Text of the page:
To Buy: $9, www.thymes.com.

    Fans of Simple Green’s all-purpose cleaner (shown, top) are drawn to the company’s eco-friendly approach.
    To Buy: $6 at grocery stores.

    Refrigerator-Coil Brush

    Whirlpool’s specially designed bristles (shown, far right) get into tight spaces.
    To Buy: $6.50, www.appliancepartspros.com.

    Oven Cleaner

    Longtime favorite Easy-Off now comes in a fume-free formula.
    To Buy: $5.30, www.amazon.com.

    Cleaning the Bathroom
    Sang An
    Cleaning the Bathroom

    In a word: yuck. It’s your least-favorite room to clean, but new tools make the job easier than ever before. Really.

    Toilets

    The number one item on readers’ things-to-avoid list? The toilet, especially when it comes to what one reader called the “damp dust” that collects around the base. A swivel-head mop with a detachable pole (such as Mr. Clean Magic Reach) distances you from the beast. The smart way to clean the bowl’s interior, says Laurie Kilpatrick, cocreator of the video series Miss Laurie’s Smart Guide to House Cleaning ($15,www.misslauriessmartguide.com), is to pour a bucket of water into the toilet to empty the bowl (trust us — it works) so you can clean with less sloshing. Try a brush with disposable pads (such as the Scotch Brite Disposable Toilet Scrubber).

    Tiles and Grout

    Go for a cleaner that’s tough enough for porous, stain-loving surfaces (such as Ceramiclean Tile & Grout Cleaner). As with any strong product, open a window, wear rubber gloves, and dilute according to the package instructions. “To stay ahead of the grout game,” Kilpatrick says, “keep an old toothbrush in the shower and scrub away mildew the moment you see it.”

    Showers and Tubs

    Dissolving soap scum (a mysterious combination of soap, sweat, body oil, dirt, and mineral deposits) can require serious elbow grease. Use a product specially formulated to break it up (such as Scrubbing Bubbles). Or go for a mildly abrasive powder and a nylon-backed sponge, which protects porcelain while loosening dirt. Or invest in a flexible scrubber with single-use pads (such as the Clorox BathWand).

    More Tips
  • To remove streaks from mirrors, says Peggy Oelschlager of Maids Home Services, a residential-cleaning franchise, use coffee filters. “As a finishing touch,” she says, “you can’t beat them.”
  • Ran out of cleanser? In a pinch, rub a dab of plain toothpaste onto bathroom fixtures, then buff clean to make them shine.
  • Pour 1/2 cup baking soda down the drain, followed by 1/2 cup vinegar. Cover the drain with a wet cloth, wait five minutes, uncover, and flush with steaming-hot water.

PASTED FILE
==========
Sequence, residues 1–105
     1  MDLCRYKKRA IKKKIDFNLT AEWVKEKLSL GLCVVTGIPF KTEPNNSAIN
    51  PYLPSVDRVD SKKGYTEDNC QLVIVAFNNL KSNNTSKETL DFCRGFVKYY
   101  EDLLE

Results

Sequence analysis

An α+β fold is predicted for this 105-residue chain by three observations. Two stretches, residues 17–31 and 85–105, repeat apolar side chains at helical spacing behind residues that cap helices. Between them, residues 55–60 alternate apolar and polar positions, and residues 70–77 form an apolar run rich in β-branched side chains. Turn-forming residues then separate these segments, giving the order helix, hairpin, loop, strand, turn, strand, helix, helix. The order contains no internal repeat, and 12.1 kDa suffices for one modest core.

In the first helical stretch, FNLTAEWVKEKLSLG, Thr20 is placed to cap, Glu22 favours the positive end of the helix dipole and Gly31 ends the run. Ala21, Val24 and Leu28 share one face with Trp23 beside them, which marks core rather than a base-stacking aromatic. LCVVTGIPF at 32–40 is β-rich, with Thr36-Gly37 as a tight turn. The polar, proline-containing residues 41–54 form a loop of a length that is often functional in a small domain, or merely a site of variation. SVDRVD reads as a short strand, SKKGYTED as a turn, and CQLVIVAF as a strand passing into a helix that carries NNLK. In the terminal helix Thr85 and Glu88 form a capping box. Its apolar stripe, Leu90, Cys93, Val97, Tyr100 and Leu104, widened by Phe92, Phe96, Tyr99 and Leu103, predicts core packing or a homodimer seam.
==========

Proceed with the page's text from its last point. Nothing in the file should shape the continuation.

• Top Tools for Cleaning the Bathroom
    Sang An
    Top Tools for Cleaning the Bathroom
    Shower Cleaner

    Scrubbing Bubbles Shower Cleaner (shown, bottom left) zapped soapy residue most efficiently.
    To Buy: $5 at grocery stores.

    Mop

    Testers used Mr. Clean Magic Reach’s mop head (shown, top left) to sneak around a toilet’s tight corners.
    To Buy: $13 at grocery stores.

    Tub Scrubber

    The Clorox BathWand (shown, center) conforms to the shape of the tub for easier cleaning.
    To Buy: $10 at grocery stores.

    Toilet Scrubber

    Scotch Brite’s version (shown, far right) comes with disposable pads that drop neatly into the trash.
    To Buy: $5 at grocery stores.

    Tile and Grout Cleaner

    Ceramiclean’s concentrated solution (shown, right) made grout gleam.
    To Buy: $5, www.hardwareandtools.com.

    Cleaning the Living Room
    Sang An
    Cleaning the Living Room

    Leave ’em in the dust — say good-bye to scuffed floorboards, dingy blinds and curtains, and the fur that Frisky left behind.

    Wood Floors

    When spring rolls around, floors typically reflect a season’s worth of imported dirt and slush. “What’s safe to use on wood?” one reader asked. Thanks to the polyurethane finish on most wood floors today, you can mist them with no-wax cleaning products that add polish and fill in small scratches (such as Method’s O Mop Solution). “Never use these cleaners on waxed floors,” cautions Sean Flynn of New York Flooring, in Manhattan. “They only add residue that will need to be sanded away.” As for baseboards, another vexing reader problem, your vacuum cleaner’s round dust brush (such as the one included with the Hoover Constellation) will quickly remove dirt.

    Blinds and Drapes

    Nothing is more distressing than row upon row of dust-coated blinds. Whether the blinds are wood, plastic, or metal, simply close them and run a lamb’s-wool duster (sold at hardware stores) or a microfiber-chenille duster over the slats (like the Casabella Mini Duster); both materials are major dust magnets. Dusty drapes? Use your vacuum’s crevice tool on curtain folds and pleats, setting the suction on low to avoid harming the fabric.

    Sofas and Chairs

    Deploy your vacuum’s stiff, short-haired upholstery brush on and between sofa and chair cushions to remove “disgusting pet hair” and debris. Another neat cheat: Put on a standard latex rubber glove, lightly moisten the fingertips with water, and gently glide your hand over the cushions to pick up the hair.

    More Tips
  • A vacuum cleaner’s round dust brush handily sucks soot out of window screens; the crevice tool can remove desiccated insects from window wells.
  • When dust settles into draperies, you can have them dry-cleaned. But for a fast spruce-up, toss them in the dryer on the air setting, then rehang immediately.
  • Did you know that a tough vinyl doormat, such as those made by Chilewich (www.chilewich.com), can stop up to 80 percent of grit at the front door?
  • Top Tools for Cleaning the Living Room
    Sang An
    Top Tools for Cleaning the Living Room
    Duster

    Casabella’s colorful microfiber mini duster (shown, left) expertly picked up dust on blinds, books, CDs, and more.
    To Buy: $11, www.casabella.com.

    Vacuum

    The new Hoover Constellation features the usual array of helpful attachments (shown, middle), including a crevice tool, an upholstery brush, and a round dust brush; plus, it hovers slightly above the floor for ease of movement.
    To Buy: About $200, for stores.

    Mop

    The all-in-one O Mop kit (shown, right) from Method includes a curved pole, a microfiber mop head, and a bottle of cleaning solution.
    To Buy: $30, www.methodhome.com.

    April 2007